Google Maps will start showing eco-friendly routes
Google Maps will begin directing drivers to the routes it believes are the most environmentally friendly based on a list of factors.
The search engine said it would highlight the trips that generate the lowest carbon footprint using primarily traffic data and road gradients.
Google said the feature will be launched for the first time in the United States later this year “with global expansion underway.”
The new feature is part of its commitment to tackle climate change.
Once launched, the default route on the Google Maps app will be the “green” option, unless users choose not to participate.
When alternative routes are significantly faster, Google offers choices and allows users to compare estimated emissions.
“What we’re finding is that for about half of the routes, we’re able to find a greener option with minimal or no time-cost trade-offs,” said Russell Dicker, chief product officer at Google.
The Alphabet-owned search engine said it was using emissions data based on tests on different types of cars and types of roads, drawing on information from the National Renewable Energy Lab (NREL) from the US government.
Its road data takes into account the inclines and slopes of its own Street View cars, as well as aerial and satellite images.
“This is a great example of the coming together of three trends: data, sustainability and consumer choice,” said Siddharth Pathak, partner at Kearney consulting firm.
“It will also cause those on the fence to make a deliberate choice of speed over durability and often cost.”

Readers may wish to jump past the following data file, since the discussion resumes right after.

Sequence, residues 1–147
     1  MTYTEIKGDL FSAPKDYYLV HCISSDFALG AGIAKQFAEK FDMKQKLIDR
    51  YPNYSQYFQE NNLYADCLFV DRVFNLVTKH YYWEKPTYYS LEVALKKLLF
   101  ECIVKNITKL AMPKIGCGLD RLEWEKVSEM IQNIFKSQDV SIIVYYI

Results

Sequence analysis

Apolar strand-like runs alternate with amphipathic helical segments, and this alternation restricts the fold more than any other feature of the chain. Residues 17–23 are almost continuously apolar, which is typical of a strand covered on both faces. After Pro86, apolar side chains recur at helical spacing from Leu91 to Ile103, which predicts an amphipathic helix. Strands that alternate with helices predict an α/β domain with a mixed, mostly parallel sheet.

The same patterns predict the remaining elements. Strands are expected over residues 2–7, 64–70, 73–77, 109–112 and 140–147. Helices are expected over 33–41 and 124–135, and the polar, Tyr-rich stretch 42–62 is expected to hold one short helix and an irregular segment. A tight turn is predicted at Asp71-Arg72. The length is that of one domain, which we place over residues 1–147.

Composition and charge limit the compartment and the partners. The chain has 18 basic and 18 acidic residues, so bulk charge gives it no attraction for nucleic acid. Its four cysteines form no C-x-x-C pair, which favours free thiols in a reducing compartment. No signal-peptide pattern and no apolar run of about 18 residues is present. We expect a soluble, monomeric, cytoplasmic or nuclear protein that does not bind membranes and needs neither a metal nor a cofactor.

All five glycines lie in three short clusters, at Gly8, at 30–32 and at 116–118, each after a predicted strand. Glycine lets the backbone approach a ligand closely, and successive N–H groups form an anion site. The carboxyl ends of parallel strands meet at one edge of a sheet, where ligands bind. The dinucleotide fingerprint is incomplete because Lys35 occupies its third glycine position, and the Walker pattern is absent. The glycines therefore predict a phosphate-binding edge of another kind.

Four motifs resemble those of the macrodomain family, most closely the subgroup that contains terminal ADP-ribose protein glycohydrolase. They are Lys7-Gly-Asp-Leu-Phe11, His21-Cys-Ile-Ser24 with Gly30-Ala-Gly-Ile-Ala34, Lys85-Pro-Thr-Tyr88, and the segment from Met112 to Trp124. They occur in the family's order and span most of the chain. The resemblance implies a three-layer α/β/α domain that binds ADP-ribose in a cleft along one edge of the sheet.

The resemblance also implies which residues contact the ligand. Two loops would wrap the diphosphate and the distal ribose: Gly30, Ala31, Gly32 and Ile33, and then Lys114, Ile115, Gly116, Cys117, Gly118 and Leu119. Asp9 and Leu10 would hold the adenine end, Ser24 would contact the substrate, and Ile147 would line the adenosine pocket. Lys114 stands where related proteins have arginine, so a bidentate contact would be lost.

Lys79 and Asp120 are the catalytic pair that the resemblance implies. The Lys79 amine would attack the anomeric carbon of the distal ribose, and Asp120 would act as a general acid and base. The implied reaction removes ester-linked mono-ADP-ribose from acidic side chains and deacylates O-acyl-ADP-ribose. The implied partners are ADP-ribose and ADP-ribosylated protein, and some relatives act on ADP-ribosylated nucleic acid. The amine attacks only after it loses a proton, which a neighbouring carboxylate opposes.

Starting in June, Google will begin warning drivers about to cross low-emission zones where certain vehicles are subject to restrictions. These are common in countries like Germany, France, the Netherlands, Spain, and the United Kingdom.
“From Amsterdam to Jakarta, cities around the world have established low emission zones – zones that restrict polluting vehicles like certain diesel cars or certain cars with specific emissions stickers to help keep the air clean.” Google said in a blog post.
“To support these efforts, we are working on alerts to help drivers better understand when they will be navigating any of these areas.”
Google Maps users will also be able to compare car, bike, transit, and other travel options in one place instead of switching between different sections in a new feature launched this year.
The US tech giant says it has long developed sustainable practices for the benefit of the environment and has pledged to be carbon-free by 2030 to help cities keep up with greenhouse gas emissions.